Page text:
Study: Hands Free Devices Are Still Distracting To Drivers In California
A recent study demonstrates that hands-free cellphone use is nearly as distracting as handheld cellphone use.
Last year, the information technology research group, Gartner, Inc., released a report stating that by the year 2020, 250 million vehicles will have wireless Internet connectivity. In addition to increasing automated driving, this kind of advancement will lead to more in-vehicle services. Already, motorists are able to speak with, text and email others while driving.
Many people in Temecula may believe they are safe because instead of holding a cellphone in their hands, they use some type of hands-free system to multi-task while driving. Unfortunately, a recent study proves that hands-free systems still pose a threat.
Conducting the study
There are three main types of distractions in driving: visual, manual and mental. Hands-free systems aim to eliminate visual and manual distractions, because the driver is able to keep his or her eyes on the road and hands on the wheel. In order to determine the impact of mental distractions, the AAA Foundation for Traffic Safety launched a study in which researchers evaluated drivers’ brain activity and overall driving performance.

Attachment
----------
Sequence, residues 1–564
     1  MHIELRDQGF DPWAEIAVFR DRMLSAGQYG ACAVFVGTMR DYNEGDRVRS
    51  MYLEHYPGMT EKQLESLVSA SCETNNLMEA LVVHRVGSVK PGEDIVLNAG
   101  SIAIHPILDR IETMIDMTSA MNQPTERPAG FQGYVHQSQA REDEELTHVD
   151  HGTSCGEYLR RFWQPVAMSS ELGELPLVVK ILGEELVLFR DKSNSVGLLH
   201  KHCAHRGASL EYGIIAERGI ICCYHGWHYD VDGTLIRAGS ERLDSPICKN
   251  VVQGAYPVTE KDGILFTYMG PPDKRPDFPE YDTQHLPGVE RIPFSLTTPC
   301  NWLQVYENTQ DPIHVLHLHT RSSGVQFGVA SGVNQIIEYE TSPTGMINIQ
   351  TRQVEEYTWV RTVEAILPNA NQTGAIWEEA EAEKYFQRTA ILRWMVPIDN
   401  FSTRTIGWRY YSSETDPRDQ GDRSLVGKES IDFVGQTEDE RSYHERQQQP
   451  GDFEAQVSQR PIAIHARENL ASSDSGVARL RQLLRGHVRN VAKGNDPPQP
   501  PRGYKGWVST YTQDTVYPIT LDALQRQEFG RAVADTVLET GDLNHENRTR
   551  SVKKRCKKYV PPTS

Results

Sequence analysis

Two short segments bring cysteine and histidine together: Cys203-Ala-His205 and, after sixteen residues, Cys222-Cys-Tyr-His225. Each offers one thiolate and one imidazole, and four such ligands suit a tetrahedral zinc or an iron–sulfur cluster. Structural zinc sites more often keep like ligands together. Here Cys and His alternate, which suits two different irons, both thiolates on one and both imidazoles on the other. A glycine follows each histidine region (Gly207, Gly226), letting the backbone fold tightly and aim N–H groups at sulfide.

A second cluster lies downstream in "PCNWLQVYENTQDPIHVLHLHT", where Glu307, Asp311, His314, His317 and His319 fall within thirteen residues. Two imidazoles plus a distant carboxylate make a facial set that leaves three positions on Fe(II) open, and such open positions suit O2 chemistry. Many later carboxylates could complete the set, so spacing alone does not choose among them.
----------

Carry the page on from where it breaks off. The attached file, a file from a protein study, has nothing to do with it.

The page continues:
Study leaders assessed the following six typical mental distractions:
- Listening to an audio book
- Listening to the radio
- Talking on a hands-free phone
- Talking on a handheld phone
- Talking with a passenger
- Using a speech-to-text email system
The experiment took place in a driving simulator, laboratory and instrumented vehicle. The researchers were then able to measure items such as brainwave activity, reaction time and eye and head movements.
Overall, researchers found that cognitive distractions alone can lead to significant impairments while driving. Reaction times were longer, there was decreased accuracy and the areas of the brain needed for safe driving were suppressed.
Of the six common distractions studied, the use of a speech-to-text system was ranked as the most distracting. On a scale of 0 to 5, with 0 as the least distracting and 5 as the most, the use of a handheld phone and hands-free phone ranked almost the same, with a score of 2.45 and 2.27, respectively.
The study makes a very important point: hands-free is not risk-free. The National Safety Council reports that in about 26 percent of all car crashes, cell phone use is involved – including hands-free devices.
In California, no driver is permitted to text or use a handheld device while behind the wheel. Further, bus drivers and novice drivers are not allowed to use a hands-free device. In California, novice drivers are drivers who are younger than 18.
In general, motorists should avoid all distractions in order to prevent an unnecessary accident from taking place. Anyone who has questions about this issue should consult with an attorney.